James spent his childhood years growing up in the rapidly expanding and exciting city of Melbourne of the 1860’s. It is not known when he farewelled his parents, brothers and sisters and sailed to England, where he soon settled in with the large extended family of his father. He was employed by the Cunard Shipping Line, working out of Liverpool on the Atlantic run as an assistant purser. He married his cousin, Annie McCubbin, daughter of his Uncle Peter, on the 3rd of July 1876 in the Registry Office, Liverpool. Eventually James became a Chief Purser. He no doubt must have been delighted to be posted to the position of Chief Purser on the prestigious Lusitania on the Liverpool to New York run. Sadly that sealed his fate and the witty and jovial James Alexander died when, off the coast of Ireland, a German U Boat torpedoed the ship on the 7th May 1915. His body was recovered and he was buried in the Toxteth Cemetery Liverpool Lancashire.
McCubbin – McCubben – McCubbing ANZACS WW1 & WW2
Many McCubbin men and women enlisted in the forces during both World Wars.
In some instances, where some have given their lives for their country, their names have not always been entered in to the Death Indexes of Australia.
Searching the excellent databases in the following web sites can rectify this unfortunate oversight:
Go to Collections, the name, in WW1. Go to Name in WW2 and type in any of the following: McCubbin, MacCubbin, McCubbine, McCubben, McCubbing.
American & Canadian McCubbins
A McCubbin in Alaska, U.S.A.
During the Klondike Gold Rush, Skagway was the gateway to both the Chilkoot pass and the White Pass. The stampede of would-be miners changed a quiet one-cabin town in 1897 and 1898 into a boom town where “craft of every description, from ocean-going steamers to little more than floating coffins were dumping a crazily mixed mass of humanity into the makeshift tent village.”
There was no law in the gold rush town. An extensive system of fraud, theft, armed robbery and murder left many ‘stampeders’ penniless or dead before they could start their journey north to the gold fields.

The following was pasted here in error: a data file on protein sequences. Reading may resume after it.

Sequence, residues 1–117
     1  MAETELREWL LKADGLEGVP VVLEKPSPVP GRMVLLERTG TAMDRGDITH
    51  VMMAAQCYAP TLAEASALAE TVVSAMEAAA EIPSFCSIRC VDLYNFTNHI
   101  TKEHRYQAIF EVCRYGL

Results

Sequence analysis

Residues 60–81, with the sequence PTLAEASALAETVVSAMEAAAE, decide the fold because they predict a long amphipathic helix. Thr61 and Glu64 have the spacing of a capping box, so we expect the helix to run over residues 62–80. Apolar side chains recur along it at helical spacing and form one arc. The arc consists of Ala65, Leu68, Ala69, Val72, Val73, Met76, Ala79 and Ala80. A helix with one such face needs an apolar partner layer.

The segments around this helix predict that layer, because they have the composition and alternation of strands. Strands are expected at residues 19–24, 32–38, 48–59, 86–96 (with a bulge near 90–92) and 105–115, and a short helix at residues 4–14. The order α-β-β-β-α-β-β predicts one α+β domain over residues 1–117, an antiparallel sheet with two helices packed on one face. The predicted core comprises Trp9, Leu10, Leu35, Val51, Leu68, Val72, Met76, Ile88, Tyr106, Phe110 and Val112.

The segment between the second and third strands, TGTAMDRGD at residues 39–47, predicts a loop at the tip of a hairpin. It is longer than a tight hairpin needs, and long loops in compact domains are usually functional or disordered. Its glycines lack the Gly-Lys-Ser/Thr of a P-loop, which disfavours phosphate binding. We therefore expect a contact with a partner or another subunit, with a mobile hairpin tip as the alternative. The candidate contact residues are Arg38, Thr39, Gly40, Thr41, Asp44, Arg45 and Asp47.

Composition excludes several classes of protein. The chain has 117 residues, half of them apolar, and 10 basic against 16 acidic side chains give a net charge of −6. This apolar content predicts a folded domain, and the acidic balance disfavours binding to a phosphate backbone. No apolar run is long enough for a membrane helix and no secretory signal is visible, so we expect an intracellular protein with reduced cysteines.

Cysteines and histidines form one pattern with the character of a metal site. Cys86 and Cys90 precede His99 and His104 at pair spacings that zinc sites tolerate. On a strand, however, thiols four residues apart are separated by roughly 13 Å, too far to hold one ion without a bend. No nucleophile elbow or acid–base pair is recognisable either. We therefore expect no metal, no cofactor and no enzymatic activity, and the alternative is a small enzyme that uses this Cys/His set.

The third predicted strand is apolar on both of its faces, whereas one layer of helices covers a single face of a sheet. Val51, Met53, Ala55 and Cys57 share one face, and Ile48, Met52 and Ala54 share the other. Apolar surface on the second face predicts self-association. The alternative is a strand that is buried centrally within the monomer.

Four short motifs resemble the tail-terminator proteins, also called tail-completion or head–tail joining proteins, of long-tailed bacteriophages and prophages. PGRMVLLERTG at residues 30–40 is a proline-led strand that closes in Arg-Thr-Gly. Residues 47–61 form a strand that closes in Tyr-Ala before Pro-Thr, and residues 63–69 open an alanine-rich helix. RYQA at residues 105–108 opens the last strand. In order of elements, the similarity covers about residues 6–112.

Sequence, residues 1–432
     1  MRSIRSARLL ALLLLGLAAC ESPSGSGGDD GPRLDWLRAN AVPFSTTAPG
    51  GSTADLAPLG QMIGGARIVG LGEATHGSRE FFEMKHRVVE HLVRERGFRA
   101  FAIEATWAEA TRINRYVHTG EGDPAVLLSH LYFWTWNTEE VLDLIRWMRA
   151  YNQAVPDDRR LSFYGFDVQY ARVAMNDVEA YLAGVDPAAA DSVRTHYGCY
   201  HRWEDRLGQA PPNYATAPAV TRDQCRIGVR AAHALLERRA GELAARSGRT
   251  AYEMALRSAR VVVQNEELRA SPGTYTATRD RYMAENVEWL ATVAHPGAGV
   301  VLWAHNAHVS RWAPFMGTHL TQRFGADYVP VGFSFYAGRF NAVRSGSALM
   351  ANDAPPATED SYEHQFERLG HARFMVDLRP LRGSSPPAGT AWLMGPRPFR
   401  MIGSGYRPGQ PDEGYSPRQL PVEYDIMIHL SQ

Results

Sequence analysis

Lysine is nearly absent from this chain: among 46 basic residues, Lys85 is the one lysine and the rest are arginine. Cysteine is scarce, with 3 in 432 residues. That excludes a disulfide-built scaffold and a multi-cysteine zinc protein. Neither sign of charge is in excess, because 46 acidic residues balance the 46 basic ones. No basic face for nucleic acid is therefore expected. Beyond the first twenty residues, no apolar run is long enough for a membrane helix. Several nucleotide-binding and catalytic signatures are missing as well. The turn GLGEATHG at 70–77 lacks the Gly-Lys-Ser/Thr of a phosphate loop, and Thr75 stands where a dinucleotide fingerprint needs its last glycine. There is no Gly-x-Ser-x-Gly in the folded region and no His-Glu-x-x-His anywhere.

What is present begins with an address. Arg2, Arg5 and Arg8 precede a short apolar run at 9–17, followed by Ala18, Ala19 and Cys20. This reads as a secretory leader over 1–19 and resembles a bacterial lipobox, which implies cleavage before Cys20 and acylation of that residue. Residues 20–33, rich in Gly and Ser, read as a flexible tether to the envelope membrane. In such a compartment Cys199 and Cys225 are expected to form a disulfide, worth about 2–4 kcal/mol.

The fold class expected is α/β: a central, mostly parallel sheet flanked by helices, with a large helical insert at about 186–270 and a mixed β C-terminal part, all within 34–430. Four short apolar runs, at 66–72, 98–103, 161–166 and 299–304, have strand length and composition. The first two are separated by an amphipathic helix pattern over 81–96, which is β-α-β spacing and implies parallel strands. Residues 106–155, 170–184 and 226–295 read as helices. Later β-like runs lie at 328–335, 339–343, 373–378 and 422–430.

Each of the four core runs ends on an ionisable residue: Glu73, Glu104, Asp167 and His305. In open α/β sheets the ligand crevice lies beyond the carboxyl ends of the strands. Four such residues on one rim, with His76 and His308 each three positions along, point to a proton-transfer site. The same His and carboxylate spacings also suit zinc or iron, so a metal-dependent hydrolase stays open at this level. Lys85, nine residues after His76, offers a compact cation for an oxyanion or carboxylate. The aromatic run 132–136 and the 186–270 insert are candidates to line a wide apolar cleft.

A McCubbin Family in British Columbia, Canada – Thomas McCubbin and Sarah Hazle
Gail Blagdon (nee) McCubbin, of British Columbia has recently set up a website relating the story of her McCubbin family. Following is an edited clip from Gail’s site:
Thomas McCubbin and Sarah Hazle married at Maybole, Ayr, in 1836. One of their sons, John McCubbin, Sr. was a tailor. “He and his wife Elizabeth had two sons, Thomas Hazle born November 14, 1877 and John Stevenson born May 2, 1884.
Tom learned tailoring from his father and worked at his trade in London, England and then had a shop in Rothesay on the Isle of Bute, Scotland. While in Rothesay he met Elizabeth Shirra Dougall of Kippen, Sterlingshire,. They became engaged and in the spring of 1910 Tom left Scotland to make his fortune in British Columbia.
It was hard to imagine the courage and spirit of adventure that led this thirty-two year old man to leave his family in Ayr and venture into the wilds of British Columbia.”
Want to know more about Tom McCubbin’s life in a northern Canadian town? Go to Gail’s website:
Karen Downie of Edinburgh, has done an enormous amount of work searching for members of the family of John McCubbin ‘McKibben’ and Margaret McWilliam, of Stoneykirk. (File #44). Not only has she hurdled ‘brick walls’ in the search, she has shared her information with our group. A long list of Monumental Inscriptions, given to Karen by Dumfries & Galloway History Association, helped solve mysteries as well as add to our databank. From our collection of McCubbins, we in turn, have added more to Karen’s family.
Special thanks to LG Brown of England, who is descended from James McCubbin and Isabella Stoddart, File #04. His family settled in the Liverpool area. After LG received the information he required from our databank, he continued to research other McCubbin families in England for us. Many thanks LG.
Miki Collins, thank you for your continued diligence in helping with the proper documentation of Americans descended from John McCubbin of Maryland.
AND once again thank you all who have contributed to the McCubbin project. Every little CUB bit helps.
The McCubbin name is registered with the Guild of One Name Studies